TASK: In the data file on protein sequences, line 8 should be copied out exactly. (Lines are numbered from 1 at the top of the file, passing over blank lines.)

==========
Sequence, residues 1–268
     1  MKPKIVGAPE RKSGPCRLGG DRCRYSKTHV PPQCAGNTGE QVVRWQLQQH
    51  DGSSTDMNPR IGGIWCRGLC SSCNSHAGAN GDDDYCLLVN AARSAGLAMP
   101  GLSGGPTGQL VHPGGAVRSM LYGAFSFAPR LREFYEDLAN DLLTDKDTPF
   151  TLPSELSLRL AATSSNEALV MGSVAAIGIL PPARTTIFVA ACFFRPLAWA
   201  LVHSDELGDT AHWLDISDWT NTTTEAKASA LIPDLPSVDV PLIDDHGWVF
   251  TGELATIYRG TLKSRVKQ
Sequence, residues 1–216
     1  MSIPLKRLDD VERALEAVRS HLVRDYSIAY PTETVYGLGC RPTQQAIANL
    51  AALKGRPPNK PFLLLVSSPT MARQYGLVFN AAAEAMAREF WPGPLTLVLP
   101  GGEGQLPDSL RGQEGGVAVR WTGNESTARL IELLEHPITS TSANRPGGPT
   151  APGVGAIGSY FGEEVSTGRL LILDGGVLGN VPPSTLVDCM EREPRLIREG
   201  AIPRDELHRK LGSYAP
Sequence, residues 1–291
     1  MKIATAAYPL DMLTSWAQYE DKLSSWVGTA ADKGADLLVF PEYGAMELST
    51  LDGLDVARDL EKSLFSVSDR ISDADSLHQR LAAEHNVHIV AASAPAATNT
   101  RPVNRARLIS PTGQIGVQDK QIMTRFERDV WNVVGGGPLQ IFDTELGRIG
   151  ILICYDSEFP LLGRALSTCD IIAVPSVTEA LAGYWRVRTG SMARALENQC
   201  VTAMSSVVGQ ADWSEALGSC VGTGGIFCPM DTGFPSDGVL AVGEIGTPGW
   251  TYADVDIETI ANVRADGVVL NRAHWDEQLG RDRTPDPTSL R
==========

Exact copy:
Sequence, residues 1–216